SAN JUAN – Reverse mortgages are failing at nearly double the U.S. national average in Puerto Rico, a problem magnified on the island by sliding property values, lenders’ responses after natural disasters and unique challenges ranging from spotty mail service to the lack of some loan materials in Spanish. Across the United States, the loans – which allow seniors to draw down equity in their homes – are falling into default at unprecedented rates a decade after the onset of the Great Recession, when brokers wrote the most loans in the program’s history. An analysis by USA TODAY and the Centro de Periodismo Investigativo in Puerto Rico found waves of reverse mortgages headed to foreclosure for reasons other than death, the natural way the loans are supposed to end. Almost one in four reverse mortgage loans failed from 2014 to 2018 over technical snags, according to the Government Accountability Office. Totals from 2019 compiled by the island’s office for financial institutions suggests an even greater share: 80% of the last year’s reverse mortgage foreclosures in 2019 were the result of tax defaults, insurance issues or occupancy problems.

Across the U.S., about one in seven loans met the same fate during those years, the USA TODAY analysis found. The work was done in partnership with Grand Valley State University in Michigan with support from the McGraw Center for Business Journalism and the Economic Hardship Reporting Project.

Puerto Ricans in the US live in counties with the highest possibility of COVID-19 infection and death

This investigation is possible in part with the support of the Pulitzer Center and the Facebook Journalism Project. Miriam Moreno Santiago was picking up her mother’s luggage in Orlando, Florida, when she was told she wouldn’t be able to see her. They would be taking her directly from the airplane to the hospital because she was having trouble breathing. María Isabel Santiago Colón, her 68-year-old mother, lived in Brooklyn, New York, but health complications and her age drove her to move South with her daughter. However, her journey changed.

More Deaths in Puerto Rico than Announced During the Pandemic

Deaths in Puerto Rico have increased over the past three months despite the few COVID-19 losses reported on the island and the drop in fatalities from accidents and crimes due to quarantine confinement, as compared to 2019, the Center for Investigative Journalism (CPI, in Spanish) found. This, contrary to what was publicly said by Health Secretary Lorenzo González Feliciano and by the director of the Demographic Registry, Wanda Llovet the first week of May when the Department of Health sent the media the data on the deaths of March and April, without making the distinction that they were still significantly incomplete. On May 5, Secretary González Feliciano said in the Jugando Pelota Dura television program that deaths for the month of April totaled 1,750, “when typically in Puerto Rico we  have 2,500 deaths per month.” “How do you explain that? Possibly with the reduction in crime, the decrease in other conditions, but what has been done in Puerto Rico has resulted in a significant impact on the absolute number of deaths,” he continued in reference to the Government of Puerto Rico’s COVID-19 contention measures.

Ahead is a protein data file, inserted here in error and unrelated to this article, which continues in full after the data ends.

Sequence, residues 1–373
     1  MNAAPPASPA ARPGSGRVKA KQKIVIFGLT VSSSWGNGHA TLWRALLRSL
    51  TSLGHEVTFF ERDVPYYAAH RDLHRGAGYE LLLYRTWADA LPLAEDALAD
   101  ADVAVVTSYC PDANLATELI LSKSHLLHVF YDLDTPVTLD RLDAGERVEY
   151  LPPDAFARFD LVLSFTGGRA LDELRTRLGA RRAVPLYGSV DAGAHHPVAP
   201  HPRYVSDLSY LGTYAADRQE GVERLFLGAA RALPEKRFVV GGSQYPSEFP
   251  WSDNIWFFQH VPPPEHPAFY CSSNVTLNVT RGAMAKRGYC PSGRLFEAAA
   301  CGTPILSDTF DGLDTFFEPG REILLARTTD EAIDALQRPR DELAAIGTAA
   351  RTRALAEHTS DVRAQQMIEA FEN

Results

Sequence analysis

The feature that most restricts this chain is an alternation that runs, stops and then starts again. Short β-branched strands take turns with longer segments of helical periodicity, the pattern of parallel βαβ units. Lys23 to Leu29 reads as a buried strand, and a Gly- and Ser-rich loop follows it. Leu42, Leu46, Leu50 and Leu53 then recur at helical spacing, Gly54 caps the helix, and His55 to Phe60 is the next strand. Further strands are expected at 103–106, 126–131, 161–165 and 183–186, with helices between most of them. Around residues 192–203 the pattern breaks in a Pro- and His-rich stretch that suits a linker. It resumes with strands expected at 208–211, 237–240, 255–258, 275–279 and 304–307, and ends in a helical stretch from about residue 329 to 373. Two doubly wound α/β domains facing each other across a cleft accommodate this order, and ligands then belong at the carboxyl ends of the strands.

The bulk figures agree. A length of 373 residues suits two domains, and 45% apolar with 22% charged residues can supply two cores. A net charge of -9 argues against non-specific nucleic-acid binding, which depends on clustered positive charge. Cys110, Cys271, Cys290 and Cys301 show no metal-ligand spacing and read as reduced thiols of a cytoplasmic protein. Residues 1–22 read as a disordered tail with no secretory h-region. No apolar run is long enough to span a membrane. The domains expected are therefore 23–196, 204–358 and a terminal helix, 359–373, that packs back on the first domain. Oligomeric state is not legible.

Unsuitable 23% of Shelters Listed by the Government of Puerto Rico for the Hurricane Season

Twenty three percent of the buildings on the list of shelters that the Department of Housing released for the 2020 hurricane season are schools with structural damage due to the earthquakes occurred in the southern part of Puerto Rico about six months ago. Since the Center for Investigative Journalism (CPI, in Spanish) warned a week ago that, in the southern region alone, that list includes 14 schools with damages classified as “unsuitable or partially unsuitable,” the agency have not revised the document, despite the fact that the hurricane season is underway. Of the 319 shelters that the Government identified a week ago, 73 are schools damaged from the earthquakes that require repair or shutting down areas, or the damage is so severe that they must close permanently, according to engineers hired by the Department of Education (DE, in Spanish) that inspected them. In addition to the 14 schools in the south, another 59 school shelters were classified “unsuitable” (red) or “partially suitable” (yellow) are located in 64 municipalities in Puerto Rico. Hormigueros, Aguada, Rincón and Manatí would have to cast off shelters whose schools were classified red.